This retrospective cohort study identified several risk factors for unfavorable outcome (death or requirement of invasive mechanical ventilation at 28 days after ICU admission) in critically ill adults in Toulouse who were hospitalized with Covid-19. In particular, chronic kidney disease on ICU admission, was associated with higher odds of in-hospital unfavorable outcome. Among follow-up data, acute kidney injury and ventilator- associated pneumonia were negatively related to patient’s outcome. It is worth noting that in this cohort, data from repeated and detailed pathophysiological characterization of Covid-19 respiratory failure22 - including respiratory system mechanics - was not associated to 28 days patient’s outcome. Altogether these results, put the spotlight on the major impact of non-respiratory organ failures in this challenging clinical setting.
The case fatality rate of 15.3% in this cohort is lower to that reported among critically ill patients in Chinese7, Italian6 or American5,23 hospitals. This data could reflect a different organization of health care system. In our case, the needed amount of intensive care support has been provided by a regional network of previously existing level 2 ICUs (providing invasive and noninvasive mechanical ventilation, renal replacement therapies). Public and private hospitals participating to this network, early canceled elective operations and speed home patients with less critical illness. Those efforts permitted to rapidly increase the number of ICU free beds available for coronavirus patients (rising from 119 to 235 over February, 2020).
Kidney involvement is frequent in Covid-19; > 40% of cases have abnormal proteinuria at hospital admission19. In line with previous reports18, we have identified that acute kidney injury was observed in approximately one third of critically ill patients from our cohort. An understanding of the pathophysiological and mechanisms that can explain such a high rate of acute kidney injury is emerging. Factors as volume depletion, ventilator-induced hemodynamic effects, cytokine burden and renal tropism of SARS-CoV-2, might be common triggers and worsening factors for AKI. To our knowledge, we demonstrated for the first time that acute kidney injury is a relevant marker of disease severity and a negative prognostic factor in terms of mortality for critically ill Covid-19 patients. This result emphasizes the need for an early recognition of kidney involvement in Covid-19 and pave the way for the use of preventive and therapeutic measures to limit subsequent acute kidney injury or progression to more severe stages as aiming to reduce morbidity and mortality.
Data on the risk of secondary bacterial pneumonia in critically ill Covid-19 patients are limited. Converging evidence suggest that ventilator- associated pneumonia might be a frequent and major complication for these patients. SARS-CoV-2 can cause immune dysregulation due to increased production and circulation of cytokines, leading to hyper-inflammation and defects in lymphoid function21. In addition, it is well known that this virus infects the ciliated cells in the alveoli, and therefore stop carrying out their airway clearance activity. Finally, iatrogenic factors, as immunotherapeutics use, may contribute to increase the incidence of ventilator- associated pneumonia in this setting24. A recent report on 52 critically ill adult patients with SARS-CoV-2 pneumonia described ventilator-associated pneumonia in 11% of cases7. We confirm this result, but we observed greater (60.7%) proportion of ventilator- associated pneumonia from a larger cohort of patients. In addition, we observed that ventilator- associated pneumonia clearly worsens patient’s clinical condition and is significantly associated to unfavorable outcome. Future studies should focus on assessing the impact of preventing, identifying and treating early ventilator-associated associated pneumonia to increase the chances of successful treatment in patients with Covid-19.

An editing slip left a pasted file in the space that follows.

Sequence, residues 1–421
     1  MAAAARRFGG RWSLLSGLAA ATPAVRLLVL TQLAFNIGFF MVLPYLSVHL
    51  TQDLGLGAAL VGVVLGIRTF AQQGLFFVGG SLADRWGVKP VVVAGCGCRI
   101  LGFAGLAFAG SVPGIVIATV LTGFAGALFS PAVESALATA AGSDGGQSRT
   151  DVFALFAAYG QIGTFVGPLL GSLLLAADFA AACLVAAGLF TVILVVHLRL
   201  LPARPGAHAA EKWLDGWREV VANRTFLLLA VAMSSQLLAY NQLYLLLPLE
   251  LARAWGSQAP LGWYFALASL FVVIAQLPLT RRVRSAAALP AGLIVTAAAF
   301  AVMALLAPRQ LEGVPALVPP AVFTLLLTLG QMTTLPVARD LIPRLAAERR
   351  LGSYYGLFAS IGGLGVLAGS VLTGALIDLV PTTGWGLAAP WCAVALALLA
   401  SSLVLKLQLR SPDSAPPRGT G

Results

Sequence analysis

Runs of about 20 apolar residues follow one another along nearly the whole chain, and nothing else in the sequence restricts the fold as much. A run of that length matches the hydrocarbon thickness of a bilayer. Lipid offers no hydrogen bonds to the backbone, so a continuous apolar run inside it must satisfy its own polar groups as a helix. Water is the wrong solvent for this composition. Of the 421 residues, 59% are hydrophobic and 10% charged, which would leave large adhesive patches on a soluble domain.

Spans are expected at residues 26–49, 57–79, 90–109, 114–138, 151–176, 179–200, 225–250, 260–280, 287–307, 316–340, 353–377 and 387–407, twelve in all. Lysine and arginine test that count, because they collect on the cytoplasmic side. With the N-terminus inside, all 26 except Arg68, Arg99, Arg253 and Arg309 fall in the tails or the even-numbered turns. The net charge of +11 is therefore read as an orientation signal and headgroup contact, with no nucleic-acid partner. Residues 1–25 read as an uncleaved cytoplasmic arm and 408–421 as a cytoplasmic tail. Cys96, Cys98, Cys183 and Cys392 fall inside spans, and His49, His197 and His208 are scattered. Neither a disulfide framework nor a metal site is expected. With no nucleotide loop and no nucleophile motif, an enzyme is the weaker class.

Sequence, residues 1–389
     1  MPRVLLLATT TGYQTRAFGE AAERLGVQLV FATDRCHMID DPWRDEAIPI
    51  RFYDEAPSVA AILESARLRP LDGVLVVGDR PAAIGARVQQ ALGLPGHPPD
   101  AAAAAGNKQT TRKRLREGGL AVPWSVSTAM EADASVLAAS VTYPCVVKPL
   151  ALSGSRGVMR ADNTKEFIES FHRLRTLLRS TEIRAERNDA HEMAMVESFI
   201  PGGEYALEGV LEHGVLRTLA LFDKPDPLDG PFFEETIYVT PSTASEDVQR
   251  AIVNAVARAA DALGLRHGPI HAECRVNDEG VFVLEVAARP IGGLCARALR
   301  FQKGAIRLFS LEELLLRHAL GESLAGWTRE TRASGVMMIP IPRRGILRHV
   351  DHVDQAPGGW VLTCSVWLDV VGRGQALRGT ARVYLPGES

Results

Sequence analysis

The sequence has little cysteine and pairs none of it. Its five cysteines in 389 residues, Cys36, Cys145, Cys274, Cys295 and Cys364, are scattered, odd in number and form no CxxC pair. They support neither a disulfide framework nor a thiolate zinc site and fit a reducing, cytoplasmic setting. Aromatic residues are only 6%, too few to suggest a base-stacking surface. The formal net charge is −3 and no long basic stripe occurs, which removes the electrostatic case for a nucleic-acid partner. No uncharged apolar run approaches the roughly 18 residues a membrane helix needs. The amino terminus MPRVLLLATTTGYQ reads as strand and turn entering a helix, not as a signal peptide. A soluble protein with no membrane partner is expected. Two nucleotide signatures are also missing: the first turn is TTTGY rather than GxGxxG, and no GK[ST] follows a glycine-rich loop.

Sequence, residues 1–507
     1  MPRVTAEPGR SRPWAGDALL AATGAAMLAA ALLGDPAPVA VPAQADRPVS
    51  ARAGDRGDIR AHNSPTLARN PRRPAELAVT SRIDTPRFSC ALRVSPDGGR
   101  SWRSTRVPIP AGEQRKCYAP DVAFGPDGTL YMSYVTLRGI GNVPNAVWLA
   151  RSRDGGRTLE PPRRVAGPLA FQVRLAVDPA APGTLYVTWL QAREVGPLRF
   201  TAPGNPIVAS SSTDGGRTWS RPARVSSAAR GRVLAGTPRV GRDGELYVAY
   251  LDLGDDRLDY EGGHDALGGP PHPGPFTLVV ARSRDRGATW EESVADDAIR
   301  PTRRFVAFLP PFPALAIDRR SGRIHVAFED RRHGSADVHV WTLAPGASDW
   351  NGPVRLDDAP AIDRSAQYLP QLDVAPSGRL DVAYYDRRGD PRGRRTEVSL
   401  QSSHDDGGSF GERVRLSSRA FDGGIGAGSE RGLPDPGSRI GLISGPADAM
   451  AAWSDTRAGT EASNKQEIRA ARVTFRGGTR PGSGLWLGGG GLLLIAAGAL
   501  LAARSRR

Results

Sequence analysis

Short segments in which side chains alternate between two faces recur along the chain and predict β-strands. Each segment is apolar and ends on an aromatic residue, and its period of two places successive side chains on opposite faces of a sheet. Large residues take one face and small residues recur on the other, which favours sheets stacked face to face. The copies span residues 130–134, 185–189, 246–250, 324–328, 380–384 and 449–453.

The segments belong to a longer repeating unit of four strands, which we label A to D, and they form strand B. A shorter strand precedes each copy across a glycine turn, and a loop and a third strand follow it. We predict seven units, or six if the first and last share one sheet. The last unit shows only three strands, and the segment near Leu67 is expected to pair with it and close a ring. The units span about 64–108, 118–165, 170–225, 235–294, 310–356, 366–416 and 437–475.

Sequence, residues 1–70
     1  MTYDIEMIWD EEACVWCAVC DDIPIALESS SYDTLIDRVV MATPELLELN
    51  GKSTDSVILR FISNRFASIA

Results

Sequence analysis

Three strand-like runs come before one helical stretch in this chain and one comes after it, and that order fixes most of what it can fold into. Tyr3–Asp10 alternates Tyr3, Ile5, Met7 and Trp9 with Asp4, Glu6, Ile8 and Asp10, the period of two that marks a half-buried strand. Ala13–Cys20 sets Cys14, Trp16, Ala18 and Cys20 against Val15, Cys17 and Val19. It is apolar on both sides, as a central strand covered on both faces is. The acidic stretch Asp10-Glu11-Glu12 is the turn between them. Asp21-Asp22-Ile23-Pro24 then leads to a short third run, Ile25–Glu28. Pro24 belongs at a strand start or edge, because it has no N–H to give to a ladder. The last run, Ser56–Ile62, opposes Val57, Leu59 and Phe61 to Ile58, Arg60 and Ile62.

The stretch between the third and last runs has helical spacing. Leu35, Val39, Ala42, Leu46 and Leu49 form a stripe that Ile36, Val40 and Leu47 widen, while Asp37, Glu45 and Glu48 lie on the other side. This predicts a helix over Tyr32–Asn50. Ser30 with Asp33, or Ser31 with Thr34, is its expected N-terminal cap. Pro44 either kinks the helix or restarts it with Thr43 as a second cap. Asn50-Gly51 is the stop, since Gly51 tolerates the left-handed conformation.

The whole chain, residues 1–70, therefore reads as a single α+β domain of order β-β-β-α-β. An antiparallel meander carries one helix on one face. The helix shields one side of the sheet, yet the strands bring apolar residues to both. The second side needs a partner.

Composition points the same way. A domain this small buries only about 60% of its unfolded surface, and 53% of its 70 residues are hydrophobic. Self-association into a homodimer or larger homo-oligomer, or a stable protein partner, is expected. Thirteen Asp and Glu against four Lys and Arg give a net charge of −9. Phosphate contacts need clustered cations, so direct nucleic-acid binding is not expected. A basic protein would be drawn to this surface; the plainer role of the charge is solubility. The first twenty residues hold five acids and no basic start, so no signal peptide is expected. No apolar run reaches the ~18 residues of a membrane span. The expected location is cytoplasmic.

We observed a sustained viral detection in throat samples in both favorable and unfavorable outcomes. Interestingly, duration of the viral shedding was significantly longer in patients with unfavorable outcome. In Influenza virus and SARS-CoV-2 infection, prolonged viral shedding was associated with fatal outcome25. We think that this might have implication for both patients’ isolation decision making and guidance about the length of antiviral treatment.
Based on current evidence and experience, chest CT scan is largely used for screening and early diagnosis of Covid-19 in high-risk groups. We have specifically explored the potential association between chest CT imaging findings and patient outcome. A blinded and standardized10–12 image analysis process shown that patients in our cohort have very extensive lung anomalies. However, it should be noted that radiological scores were not associated to patient’s outcome. Further studies are needed to know whether CT is suitable for severity assessment and patient’s prognostication in severe forms of Covid-19.
Our study has several limitations. First, the interpretation of our findings might be limited by the sample size. It is possible that critically ill patients with established goals of care that were not consistent with admission to an ICU were not included in this study. However, by including all adult patients who were admitted for Covid-19 in the 12 ICUs of our network, we believe that our study population is representative of cases diagnosed and treated in Toulouse region. Second, despite the fact that this is a retrospective study, we think that a strength of this study is that it includes a homogenous population of critically ill adults with a lung insult from a well-defined cause. In addition, we have validated the information collected through repeated direct contacts with corresponding physician in each ICU.